# gamma and beta function relation

I am reading this, and don't understand how this is reached $$\frac{\Gamma(\alpha)}{\Gamma(\alpha+n)}=\frac{(\alpha+n)\beta(\alpha+1,n)}{\alpha\Gamma(n)}$$

The following relation mentioned on the Wikipedia,$$\beta(\alpha,n)=\frac{\Gamma(\alpha)\Gamma(n)}{\Gamma(\alpha+n)} \Rightarrow \frac{\Gamma(\alpha)}{\Gamma(\alpha+n)}=\frac{\beta(\alpha,n)}{\Gamma(n)}$$

so given the above two, this must be true, $$\frac{(\alpha+n)\beta(\alpha+1,n)}{\alpha\Gamma(n)}=\frac{\beta(\alpha,n)}{\Gamma(n)}$$ which means this also must be true, $$\frac{(\alpha+n)\beta(\alpha+1,n)}{\alpha}=\beta(\alpha,n)$$. I can't see why this is true, given the definition of the $\beta$ function.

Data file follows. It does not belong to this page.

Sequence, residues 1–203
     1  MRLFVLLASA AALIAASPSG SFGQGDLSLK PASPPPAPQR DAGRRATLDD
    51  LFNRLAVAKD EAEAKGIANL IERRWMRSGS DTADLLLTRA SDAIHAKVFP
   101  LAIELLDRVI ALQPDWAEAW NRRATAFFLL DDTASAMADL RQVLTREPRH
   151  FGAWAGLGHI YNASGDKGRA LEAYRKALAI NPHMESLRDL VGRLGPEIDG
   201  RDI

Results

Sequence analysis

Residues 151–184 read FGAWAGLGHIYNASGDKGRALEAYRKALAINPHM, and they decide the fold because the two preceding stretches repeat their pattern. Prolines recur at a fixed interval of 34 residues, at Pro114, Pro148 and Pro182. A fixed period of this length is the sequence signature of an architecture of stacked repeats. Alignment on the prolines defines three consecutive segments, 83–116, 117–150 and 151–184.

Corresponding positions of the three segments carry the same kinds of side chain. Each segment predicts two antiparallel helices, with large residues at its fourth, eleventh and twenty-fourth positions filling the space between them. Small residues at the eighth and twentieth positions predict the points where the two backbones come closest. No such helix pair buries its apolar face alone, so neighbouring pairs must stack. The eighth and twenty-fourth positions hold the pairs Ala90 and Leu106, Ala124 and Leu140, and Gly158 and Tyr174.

• Use the fact that $\Gamma(n)=(n-1)\Gamma(n-1)$ on the expanded $\beta(\alpha+1,n)$ Jul 26 '16 at 15:26
• This could be on topic on the Mathematics SE site, but is also on topic here, IMO. We can defer to the OP's preferences. Jul 26 '16 at 16:13

The last statement you have \begin{equation} \frac{(\alpha+n)\beta(\alpha+1,n)}{\alpha} = \beta(\alpha,n) \end{equation} is true if you expand $\beta(\alpha+1,n)$ as $\frac{\Gamma(\alpha+1)\Gamma(n)}{\Gamma(\alpha+1+n)}$ then follow @ArtificialBreeze's suggestion. Here it is
Cancelling out terms will result in $\frac{\Gamma(\alpha)\Gamma(n)}{\Gamma(\alpha+n)}$, which is what you have above.